Pensamento, m. - Acto ou efeito de pensar. Qualquer acto de inteligência. Fantasia. Ideia. Espírito. Uso da razão. Reflexões

segunda-feira, janeiro 04, 2016


"Regarding everything, which we call by the proud metaphors “world history” and “truth” and “fame,” a heartless spirit might have nothing to say except:
“Once upon a time, in some out of the way corner of that universe which is dispersed into numberless twinkling solar systems, there was a star upon which clever beasts invented knowing. It was the most arrogant and mendacious minute of world history, but nevertheless only a minute. After nature had drawn a few breaths the star cooled and solidified, and the clever beasts had to die. The time had come too, for although they boasted of how much they understood, in the end they discovered to their great annoyance that they had understood everything falsely. They died, and in dying they cursed truth. Such was the nature of these desperate beasts who had invented knowing.”
This would be man’s fate if he were nothing but a knowing animal. The truth would drive him to despair and destruction: the truth that he is eternally condemned to untruth. But all that is appropriate for man is belief in attainable truth, in the illusion, which draws near to man and inspires him with confidence. Does he not actually live by means of a continual process of deception? Does nature not conceal most things from him, even the nearest things- his own body, for example, of which he has only a deceptive “consciousness”? He is locked within this consciousness and nature threw away the key. Oh, the fatal curiosity of the philosopher, who longs, just once, to peer out and down through a crack in the chamber of consciousness. Perhaps he will then suspect the extent to which man, in the indifference of his ignorance, is sustained by what is greedy, insatiable, disgusting, pitiless, and murderous- as if he were hanging in dreams on the back of a tiger.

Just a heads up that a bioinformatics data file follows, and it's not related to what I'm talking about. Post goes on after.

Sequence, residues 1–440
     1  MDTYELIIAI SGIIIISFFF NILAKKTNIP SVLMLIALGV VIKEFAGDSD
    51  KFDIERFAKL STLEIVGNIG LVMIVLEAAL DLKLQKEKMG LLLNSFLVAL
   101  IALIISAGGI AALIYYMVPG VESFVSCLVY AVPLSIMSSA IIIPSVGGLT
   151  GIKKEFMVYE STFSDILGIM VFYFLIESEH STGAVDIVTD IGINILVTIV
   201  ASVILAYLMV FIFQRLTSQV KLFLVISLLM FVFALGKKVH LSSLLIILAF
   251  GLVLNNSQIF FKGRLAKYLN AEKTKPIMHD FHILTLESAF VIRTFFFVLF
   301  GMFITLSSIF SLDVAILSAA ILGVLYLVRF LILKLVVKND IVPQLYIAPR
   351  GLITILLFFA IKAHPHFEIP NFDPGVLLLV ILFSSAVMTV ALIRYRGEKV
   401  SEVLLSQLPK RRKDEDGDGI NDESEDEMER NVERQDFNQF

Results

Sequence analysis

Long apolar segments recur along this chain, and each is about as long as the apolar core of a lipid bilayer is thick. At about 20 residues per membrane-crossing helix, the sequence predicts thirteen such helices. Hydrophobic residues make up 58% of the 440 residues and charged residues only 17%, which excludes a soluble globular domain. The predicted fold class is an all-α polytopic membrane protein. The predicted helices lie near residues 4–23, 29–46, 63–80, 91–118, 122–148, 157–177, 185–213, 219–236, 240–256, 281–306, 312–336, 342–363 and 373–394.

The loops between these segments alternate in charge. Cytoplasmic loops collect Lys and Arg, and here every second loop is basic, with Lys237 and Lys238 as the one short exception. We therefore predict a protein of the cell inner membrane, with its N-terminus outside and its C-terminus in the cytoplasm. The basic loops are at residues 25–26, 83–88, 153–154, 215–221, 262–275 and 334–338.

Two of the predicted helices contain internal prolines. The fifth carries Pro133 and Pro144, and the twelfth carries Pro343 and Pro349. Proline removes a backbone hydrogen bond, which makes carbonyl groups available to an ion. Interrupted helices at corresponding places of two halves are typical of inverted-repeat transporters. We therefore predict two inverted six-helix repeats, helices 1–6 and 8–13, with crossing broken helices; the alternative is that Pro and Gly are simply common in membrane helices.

“Let him hang!” cries art. “Wake him up!” shouts the philosopher in the pathos of truth. Yet even while he believes himself to be shaking the sleeper, the philosopher himself is sinking into a still deeper magical slumber. Perhaps he then dreams of the “ideas” or of immortality. Art is more powerful than knowledge, because it desires life, whereas knowledge attains as its final goal only- annihilation".

Friedrich Nietzsche, On the Pathos of Truth (1872) [link]

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